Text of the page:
Page:A Brief History of Modern Philosophy.djvu/8

From Wikisource
Jump to navigation Jump to search
This page has been validated.

Cardinal Bembo, who enjoyed the favor of Pope Leo X, saved him from persecution; but his book was burnt by the inquisition. His philosophic significance is due to his theory that the various forms and gradations of soul-life constitute a continuous natural series, and that ethics is self-explanatory. In opposition to the ecclesiastical Aristotelians he shows that the immortality of the soul is incapable of philosophic proof. Even in its highest forms soul-life is dependent on material conditions and its existence after the dissolution of the body cannot be demonstrated. There is no occasion moreover to criticize this conclusion on ethical grounds. On the contrary, man is obliged as well as capable of doing good without the hope of immortality; virtue is its own reward. This is the conclusion of the philosophy which is based on natural reason. But, according to Pomponazzi, the will may transcend reason: man can believe things which he is incapable of proving; faith proceeds from will, from personal impulse. By means of this separation between reason and will, between knowledge and faith, Pomponazzi conformed his theory with the authorized doctrines of the Church. He resorted to the same expedient in reconciling the reality of the human will with divine omnipotence. The Church rejected this distinction.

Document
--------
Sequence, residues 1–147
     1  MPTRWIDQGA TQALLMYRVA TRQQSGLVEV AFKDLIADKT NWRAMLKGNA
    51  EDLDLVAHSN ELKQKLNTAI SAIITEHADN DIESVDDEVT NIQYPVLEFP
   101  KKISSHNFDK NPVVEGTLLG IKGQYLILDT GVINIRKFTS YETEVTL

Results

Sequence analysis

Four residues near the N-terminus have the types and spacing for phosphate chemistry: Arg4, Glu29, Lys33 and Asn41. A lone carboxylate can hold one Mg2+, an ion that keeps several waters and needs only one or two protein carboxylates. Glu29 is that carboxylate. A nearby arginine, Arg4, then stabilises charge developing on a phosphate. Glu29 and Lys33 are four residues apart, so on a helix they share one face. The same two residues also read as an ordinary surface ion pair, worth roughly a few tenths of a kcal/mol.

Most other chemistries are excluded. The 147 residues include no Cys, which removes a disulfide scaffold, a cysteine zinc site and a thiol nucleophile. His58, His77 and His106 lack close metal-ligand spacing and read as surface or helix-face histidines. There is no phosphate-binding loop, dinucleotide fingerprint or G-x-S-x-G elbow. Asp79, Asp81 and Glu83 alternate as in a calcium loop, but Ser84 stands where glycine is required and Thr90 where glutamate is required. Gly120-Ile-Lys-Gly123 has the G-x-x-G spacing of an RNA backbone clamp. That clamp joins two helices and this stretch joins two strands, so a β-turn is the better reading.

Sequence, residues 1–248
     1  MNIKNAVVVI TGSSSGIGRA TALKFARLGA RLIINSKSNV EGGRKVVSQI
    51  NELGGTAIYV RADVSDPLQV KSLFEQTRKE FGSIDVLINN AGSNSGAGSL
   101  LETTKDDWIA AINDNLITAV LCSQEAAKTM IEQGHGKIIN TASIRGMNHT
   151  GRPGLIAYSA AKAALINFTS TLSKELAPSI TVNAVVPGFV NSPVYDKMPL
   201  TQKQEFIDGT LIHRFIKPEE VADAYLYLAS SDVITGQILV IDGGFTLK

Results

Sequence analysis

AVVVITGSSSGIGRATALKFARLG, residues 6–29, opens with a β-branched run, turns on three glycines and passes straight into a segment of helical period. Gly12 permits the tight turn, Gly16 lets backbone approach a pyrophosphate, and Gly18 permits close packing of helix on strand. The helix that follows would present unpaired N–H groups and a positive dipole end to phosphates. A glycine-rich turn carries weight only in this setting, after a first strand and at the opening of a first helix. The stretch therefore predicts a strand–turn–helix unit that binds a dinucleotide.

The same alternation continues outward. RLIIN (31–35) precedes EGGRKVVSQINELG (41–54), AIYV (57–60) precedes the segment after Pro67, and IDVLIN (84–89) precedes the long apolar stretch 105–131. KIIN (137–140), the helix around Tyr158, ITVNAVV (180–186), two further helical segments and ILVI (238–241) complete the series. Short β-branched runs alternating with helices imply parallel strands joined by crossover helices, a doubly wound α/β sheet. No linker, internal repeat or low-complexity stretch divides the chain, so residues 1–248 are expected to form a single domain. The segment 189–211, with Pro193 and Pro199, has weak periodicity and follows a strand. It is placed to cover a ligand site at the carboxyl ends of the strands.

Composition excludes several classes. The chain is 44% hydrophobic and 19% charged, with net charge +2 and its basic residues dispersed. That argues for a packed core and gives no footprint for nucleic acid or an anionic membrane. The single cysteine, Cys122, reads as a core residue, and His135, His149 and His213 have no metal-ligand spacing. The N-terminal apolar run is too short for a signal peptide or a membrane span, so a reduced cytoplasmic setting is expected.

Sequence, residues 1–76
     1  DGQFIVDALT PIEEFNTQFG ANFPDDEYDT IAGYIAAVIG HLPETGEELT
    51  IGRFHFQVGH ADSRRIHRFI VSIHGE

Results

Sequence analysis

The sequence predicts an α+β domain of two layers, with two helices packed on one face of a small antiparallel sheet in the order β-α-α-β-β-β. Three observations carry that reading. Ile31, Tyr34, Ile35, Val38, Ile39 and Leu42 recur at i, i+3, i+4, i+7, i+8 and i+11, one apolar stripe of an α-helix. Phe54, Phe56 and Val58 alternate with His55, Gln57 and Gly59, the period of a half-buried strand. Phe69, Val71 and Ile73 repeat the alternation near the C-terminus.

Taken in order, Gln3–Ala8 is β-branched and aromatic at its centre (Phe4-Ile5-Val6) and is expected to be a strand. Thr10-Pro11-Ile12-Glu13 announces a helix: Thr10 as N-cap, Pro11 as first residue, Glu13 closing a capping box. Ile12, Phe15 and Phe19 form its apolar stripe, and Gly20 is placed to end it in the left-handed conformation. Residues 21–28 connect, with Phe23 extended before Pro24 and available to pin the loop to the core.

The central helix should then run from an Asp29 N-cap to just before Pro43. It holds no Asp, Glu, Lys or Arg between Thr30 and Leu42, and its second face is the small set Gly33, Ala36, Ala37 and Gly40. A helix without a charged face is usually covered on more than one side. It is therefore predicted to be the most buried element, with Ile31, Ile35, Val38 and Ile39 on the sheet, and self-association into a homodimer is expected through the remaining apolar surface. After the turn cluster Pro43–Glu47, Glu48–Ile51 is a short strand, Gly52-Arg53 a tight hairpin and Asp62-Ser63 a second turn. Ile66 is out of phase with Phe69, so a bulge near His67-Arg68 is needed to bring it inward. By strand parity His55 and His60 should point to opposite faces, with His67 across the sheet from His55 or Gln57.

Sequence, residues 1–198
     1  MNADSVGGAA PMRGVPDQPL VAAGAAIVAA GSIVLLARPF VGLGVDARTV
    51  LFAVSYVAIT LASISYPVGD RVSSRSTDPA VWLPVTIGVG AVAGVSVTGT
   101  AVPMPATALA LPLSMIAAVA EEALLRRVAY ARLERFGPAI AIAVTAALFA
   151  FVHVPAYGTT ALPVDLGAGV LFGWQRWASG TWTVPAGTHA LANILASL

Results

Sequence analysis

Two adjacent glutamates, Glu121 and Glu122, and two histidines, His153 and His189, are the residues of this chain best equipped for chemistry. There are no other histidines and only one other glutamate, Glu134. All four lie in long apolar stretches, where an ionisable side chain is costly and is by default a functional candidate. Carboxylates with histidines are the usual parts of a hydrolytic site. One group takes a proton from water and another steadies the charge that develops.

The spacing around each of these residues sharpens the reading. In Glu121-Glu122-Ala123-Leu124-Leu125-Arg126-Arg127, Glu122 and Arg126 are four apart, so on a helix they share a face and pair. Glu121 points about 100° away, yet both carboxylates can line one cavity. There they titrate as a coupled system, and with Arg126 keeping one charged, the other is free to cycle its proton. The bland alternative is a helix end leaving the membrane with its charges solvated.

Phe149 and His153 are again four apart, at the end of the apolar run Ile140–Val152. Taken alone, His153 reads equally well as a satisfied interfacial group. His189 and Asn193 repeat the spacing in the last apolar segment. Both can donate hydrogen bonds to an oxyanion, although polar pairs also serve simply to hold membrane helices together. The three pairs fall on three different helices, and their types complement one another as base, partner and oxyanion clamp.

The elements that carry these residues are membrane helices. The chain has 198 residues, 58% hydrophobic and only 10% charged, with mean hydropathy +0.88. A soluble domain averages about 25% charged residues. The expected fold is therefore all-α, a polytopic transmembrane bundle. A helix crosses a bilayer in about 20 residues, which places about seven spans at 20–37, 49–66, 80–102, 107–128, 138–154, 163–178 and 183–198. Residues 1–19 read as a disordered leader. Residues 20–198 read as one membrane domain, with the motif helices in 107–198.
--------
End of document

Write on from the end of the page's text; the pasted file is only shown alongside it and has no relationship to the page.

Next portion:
Nicolo da Machiavelli introduced the naturalistic method of investigation into politics and ethics in the same manner as Pomponazzi had revived the naturalistic psychology and ethics of genuine Aristotelianism. Descended from an old Florentine family (b. 1469), he entered the diplomatic service of the republican government of his native city which furnished him a splendid opportunity for studying men and affairs. After the fall of the Republic (1512) he joined the Medici, which brought him the